Once again though, Croatia’s defence looked suspect on high balls and crosses as the central defensive awareness was severely lacking at times. This was highlighted in the worst possible way just minutes into the second half as a high ball split the two defenders and Vida was caught ball watching as Ismaila Sarr latched on to the ball and easily stroked the ball past Subašić.

Croatia hit back just after the hour as Perišić’s deflected free kick found its way in, it was a deserved equaliser as they had relentlessly attacked since going a goal down, showing some great mental qualities in the process. Andrej Kramarić, a half time substitution for Milan Badelj, hit the bar just before the equaliser but eventually hit Croatia’s second with just over ten minutes left; a powerful low finish at the second attempt after he cut inside the Senegal full back. Kramarić is certainly one to watch in Russia and has impressed in the Croatian team during their recent friendlies.

It stayed 2-1, and the smiles and relaxed atmosphere at the final whistle showed a team ready for the challenges ahead in Russia. Croatia dominated the possession and their reaction to the Senegal opener was reflected in this. Their build up play and organisation, when compared with the earlier friendlies, was vastly improved.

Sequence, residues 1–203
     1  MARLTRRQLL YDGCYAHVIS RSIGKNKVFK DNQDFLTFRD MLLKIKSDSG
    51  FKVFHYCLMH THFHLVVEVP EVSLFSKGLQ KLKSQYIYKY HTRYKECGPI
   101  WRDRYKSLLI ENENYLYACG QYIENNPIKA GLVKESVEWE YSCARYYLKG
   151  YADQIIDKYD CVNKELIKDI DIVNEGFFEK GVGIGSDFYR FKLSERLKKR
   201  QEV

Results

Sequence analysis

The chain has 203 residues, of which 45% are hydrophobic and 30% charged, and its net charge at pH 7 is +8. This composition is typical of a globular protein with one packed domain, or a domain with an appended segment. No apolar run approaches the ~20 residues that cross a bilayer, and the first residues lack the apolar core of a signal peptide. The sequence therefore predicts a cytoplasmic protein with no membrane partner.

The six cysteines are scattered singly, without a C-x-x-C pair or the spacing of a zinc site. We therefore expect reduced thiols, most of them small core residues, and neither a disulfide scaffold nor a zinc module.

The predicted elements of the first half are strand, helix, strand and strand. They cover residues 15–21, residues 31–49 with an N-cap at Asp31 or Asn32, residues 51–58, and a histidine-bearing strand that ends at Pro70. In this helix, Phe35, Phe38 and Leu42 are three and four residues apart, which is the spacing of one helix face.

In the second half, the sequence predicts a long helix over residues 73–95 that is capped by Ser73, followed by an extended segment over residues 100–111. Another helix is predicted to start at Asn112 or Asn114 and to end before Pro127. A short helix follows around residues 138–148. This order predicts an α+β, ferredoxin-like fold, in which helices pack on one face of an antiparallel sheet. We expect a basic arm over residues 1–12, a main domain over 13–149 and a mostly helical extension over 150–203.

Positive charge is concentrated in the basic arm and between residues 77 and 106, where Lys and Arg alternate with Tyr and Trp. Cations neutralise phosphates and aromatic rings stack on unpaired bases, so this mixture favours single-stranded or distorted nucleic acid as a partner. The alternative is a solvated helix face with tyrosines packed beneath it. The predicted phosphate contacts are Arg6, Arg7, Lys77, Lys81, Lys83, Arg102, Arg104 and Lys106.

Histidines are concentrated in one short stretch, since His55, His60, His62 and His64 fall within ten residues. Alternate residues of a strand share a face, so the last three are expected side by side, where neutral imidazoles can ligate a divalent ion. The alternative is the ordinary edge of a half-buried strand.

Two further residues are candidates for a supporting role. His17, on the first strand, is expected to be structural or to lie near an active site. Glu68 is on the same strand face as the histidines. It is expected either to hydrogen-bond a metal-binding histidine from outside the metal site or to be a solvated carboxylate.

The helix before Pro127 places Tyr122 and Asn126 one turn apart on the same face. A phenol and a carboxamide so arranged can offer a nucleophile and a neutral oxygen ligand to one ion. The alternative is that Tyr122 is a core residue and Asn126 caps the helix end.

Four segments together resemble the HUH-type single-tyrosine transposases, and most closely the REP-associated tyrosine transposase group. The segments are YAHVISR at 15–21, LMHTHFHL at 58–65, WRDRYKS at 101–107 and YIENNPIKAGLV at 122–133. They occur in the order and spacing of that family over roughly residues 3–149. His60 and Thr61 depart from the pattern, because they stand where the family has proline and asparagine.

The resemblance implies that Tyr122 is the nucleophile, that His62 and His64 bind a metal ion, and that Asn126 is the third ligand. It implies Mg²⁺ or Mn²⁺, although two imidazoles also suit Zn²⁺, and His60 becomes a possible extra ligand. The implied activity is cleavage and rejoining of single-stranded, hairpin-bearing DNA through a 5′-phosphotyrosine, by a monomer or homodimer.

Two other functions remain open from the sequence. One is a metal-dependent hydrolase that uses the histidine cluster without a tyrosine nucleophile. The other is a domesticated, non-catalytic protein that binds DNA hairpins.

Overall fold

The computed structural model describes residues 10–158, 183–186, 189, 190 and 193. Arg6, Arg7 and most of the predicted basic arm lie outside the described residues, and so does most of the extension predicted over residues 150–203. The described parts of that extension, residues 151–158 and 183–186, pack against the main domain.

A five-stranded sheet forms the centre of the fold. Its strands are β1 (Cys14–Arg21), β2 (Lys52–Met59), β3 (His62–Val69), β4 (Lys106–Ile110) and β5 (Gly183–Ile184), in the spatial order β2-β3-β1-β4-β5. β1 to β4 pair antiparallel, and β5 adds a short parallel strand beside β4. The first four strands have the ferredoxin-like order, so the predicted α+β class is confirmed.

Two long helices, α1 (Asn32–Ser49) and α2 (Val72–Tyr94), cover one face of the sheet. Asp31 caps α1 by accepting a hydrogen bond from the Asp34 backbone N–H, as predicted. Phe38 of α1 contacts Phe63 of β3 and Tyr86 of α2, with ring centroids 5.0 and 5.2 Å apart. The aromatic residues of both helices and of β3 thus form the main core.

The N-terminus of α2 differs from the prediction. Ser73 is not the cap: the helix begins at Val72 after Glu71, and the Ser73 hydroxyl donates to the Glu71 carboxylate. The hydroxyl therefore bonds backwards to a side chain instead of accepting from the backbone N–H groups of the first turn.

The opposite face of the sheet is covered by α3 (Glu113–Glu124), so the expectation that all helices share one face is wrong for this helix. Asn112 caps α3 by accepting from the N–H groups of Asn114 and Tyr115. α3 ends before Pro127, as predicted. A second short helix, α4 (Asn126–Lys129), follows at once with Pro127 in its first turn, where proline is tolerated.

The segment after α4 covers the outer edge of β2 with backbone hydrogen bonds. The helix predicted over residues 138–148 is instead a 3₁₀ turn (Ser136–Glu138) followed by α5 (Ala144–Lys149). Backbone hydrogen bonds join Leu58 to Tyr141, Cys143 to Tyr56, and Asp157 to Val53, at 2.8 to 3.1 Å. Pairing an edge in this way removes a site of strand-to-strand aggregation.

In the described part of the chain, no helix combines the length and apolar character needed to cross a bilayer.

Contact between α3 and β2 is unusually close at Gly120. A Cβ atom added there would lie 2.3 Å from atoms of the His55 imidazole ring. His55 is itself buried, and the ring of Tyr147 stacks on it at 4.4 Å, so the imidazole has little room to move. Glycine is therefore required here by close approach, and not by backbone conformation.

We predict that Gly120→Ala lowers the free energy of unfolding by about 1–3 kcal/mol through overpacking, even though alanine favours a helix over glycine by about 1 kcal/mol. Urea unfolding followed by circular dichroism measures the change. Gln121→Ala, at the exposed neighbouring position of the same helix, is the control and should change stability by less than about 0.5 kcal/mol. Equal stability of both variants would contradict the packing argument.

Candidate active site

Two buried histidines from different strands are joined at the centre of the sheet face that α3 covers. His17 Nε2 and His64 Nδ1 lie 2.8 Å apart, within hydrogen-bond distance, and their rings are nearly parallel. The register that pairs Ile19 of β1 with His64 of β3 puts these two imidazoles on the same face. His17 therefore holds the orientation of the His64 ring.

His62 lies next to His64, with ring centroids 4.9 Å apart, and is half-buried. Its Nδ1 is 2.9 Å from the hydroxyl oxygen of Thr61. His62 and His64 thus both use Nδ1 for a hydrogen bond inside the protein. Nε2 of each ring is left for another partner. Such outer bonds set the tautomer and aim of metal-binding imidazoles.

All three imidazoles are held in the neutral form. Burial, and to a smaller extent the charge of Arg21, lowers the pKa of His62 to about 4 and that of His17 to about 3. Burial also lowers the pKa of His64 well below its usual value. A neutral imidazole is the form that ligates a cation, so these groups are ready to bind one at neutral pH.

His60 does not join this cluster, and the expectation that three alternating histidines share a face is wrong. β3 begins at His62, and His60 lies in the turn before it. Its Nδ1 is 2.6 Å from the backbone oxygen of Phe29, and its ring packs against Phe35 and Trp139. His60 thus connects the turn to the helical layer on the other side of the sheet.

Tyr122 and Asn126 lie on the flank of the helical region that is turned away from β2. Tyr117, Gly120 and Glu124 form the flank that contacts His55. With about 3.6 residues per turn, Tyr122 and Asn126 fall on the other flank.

Croatia’s defence remains the biggest problem but winning breeds confidence and if they can get off to a good start against Nigeria on Saturday they may just be able to make some noise in Russia this year.

Croatia looking to make the leap from perennial dark horses to champion thoroughbreds

Assessing the Vatreni ahead of the 2018 FIFA World Cup

Despite only being a recognised nation since 1993, Croatia have been to five of the last six FIFA World Cups. The famous team of the mid to late 1990s were previously unknown to many but their now distinctive red and white checked shirts, mixed with a little eastern European enigma, put Croatia firmly among the world’s best and shot them to fame as they achieved third place in France 98. That squad with players such as Golden Boot winner, Davor Šuker, Robert Prosinečki, Igor Štimac and Zvonimir Boban, were the toast of France with their stylish attacking play.